Saturday, May 1, 2010

SQL Injection

                                                                  What is SQL?

The word SQL stands for structure query language.A language that can communicate with Database.
SQL injection is the act of injection your own, custom-crafted SQL commands into a web-script so that you can manipulate the database any way you want. Some example usages of SQL injection: Bypass login verification, add new admin account, lift passwords, lift credit-card details, etc.; you can access anything that's in the database.
Example Vulnerable Code - login.php (PHP/MySQL)
Here's an example of a vulnerable login code

$user $_POST['u'];$pass $_POST['p'];

if (!isset(
$user) || !isset($pass)) {
} else {
$sql "SELECT `IP` FROM `users` WHERE `username`='$user' 

            AND `password`='$pass'";
$ret mysql_query($sql);
$ret mysql_fetch_array($ret);
    if (
$ret[0] != "") {
"Welcome, $user.");
    } else {
"Incorrect login details.");

Basically what this code does, is take the username and password input, and takes the users's IP from the database in order to check the validity of the username/password combo.

Testing Inputs For Vulnerability
Just throw an "'" into the inputs, and see if it outputs an error; if so, it's probably injectable. If it doesn't display anything, it might be injectable, and if it is, you will be dealing with blind SQL injection which anyone can tell you is no fun. Else, it's not injectable.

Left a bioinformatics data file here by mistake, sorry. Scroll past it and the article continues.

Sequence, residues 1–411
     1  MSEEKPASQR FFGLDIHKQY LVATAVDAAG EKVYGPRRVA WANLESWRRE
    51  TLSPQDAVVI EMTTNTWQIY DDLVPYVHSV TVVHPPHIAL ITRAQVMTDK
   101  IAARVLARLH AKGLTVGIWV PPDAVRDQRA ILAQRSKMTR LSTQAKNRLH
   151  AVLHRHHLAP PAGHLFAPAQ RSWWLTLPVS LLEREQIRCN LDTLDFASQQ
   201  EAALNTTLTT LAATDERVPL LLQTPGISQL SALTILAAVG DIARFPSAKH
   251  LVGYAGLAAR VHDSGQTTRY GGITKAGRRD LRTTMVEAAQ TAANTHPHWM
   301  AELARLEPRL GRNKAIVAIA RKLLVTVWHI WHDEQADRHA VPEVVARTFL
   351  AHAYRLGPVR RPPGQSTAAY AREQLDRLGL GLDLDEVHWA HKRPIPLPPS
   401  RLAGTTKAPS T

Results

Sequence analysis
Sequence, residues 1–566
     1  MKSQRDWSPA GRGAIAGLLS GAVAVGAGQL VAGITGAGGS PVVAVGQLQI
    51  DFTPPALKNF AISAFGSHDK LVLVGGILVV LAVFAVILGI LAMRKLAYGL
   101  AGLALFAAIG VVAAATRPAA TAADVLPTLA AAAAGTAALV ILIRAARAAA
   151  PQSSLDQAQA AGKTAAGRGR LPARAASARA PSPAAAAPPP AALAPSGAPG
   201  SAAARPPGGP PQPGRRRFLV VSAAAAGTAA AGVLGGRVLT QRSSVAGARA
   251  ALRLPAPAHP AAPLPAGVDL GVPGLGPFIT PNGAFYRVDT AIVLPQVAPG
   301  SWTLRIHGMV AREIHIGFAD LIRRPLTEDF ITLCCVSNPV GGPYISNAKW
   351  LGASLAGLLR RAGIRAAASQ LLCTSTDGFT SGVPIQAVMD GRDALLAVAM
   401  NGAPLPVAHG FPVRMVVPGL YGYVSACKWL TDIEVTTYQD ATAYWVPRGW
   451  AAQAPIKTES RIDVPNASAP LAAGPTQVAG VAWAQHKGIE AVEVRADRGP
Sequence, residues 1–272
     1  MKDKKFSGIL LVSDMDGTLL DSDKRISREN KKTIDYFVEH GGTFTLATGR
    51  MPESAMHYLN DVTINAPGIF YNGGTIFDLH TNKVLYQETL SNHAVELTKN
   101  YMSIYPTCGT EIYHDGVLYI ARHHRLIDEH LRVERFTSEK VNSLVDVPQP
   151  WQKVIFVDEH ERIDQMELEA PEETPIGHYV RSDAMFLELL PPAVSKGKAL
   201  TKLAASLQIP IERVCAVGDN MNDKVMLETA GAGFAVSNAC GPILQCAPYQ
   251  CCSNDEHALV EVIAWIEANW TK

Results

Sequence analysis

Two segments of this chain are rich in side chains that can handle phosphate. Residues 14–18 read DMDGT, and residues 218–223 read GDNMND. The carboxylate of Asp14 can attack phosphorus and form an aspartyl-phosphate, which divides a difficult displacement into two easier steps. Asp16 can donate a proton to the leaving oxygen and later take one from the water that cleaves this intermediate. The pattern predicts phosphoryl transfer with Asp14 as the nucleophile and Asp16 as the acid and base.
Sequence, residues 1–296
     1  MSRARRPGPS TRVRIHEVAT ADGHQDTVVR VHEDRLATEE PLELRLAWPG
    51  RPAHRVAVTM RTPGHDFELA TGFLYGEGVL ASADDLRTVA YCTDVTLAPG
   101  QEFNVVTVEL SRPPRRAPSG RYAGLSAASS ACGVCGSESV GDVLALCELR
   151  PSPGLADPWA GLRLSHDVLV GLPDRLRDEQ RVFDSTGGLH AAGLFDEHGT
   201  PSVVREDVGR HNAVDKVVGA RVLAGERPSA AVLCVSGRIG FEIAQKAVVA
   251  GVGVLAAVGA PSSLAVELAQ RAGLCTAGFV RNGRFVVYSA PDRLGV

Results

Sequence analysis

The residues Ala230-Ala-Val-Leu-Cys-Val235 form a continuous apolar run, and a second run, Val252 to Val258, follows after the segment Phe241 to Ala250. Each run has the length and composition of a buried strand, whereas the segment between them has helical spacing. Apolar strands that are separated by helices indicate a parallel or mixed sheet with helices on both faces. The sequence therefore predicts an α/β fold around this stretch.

The Example Exploit
Let's say we know the admin's username is Administrator and we want into his account. Since the code doesn't filter our input, we can insert anything we want into the statement, and just let ourselves in. To do this, we would simply put "Administrator" in the username box, and "' OR 1=1--" into the password box; the resulting SQL query to be run against the database would be "SELECT `IP` FROM `users` WHERE `username`='Administrator' AND `password='' OR 1=1--'". Because of the "OR 1=1", it will have the ability to ignore the password requirement, because as we all know, the logic of "OR" only requires one question to result in true for it to succeed, and since 1 always equals 1, it works; the "--" is the 'comment out' character for SQL which means it ignores everything after it, otherwise the last "'" would ruin the syntax, and just cause the query to fail.

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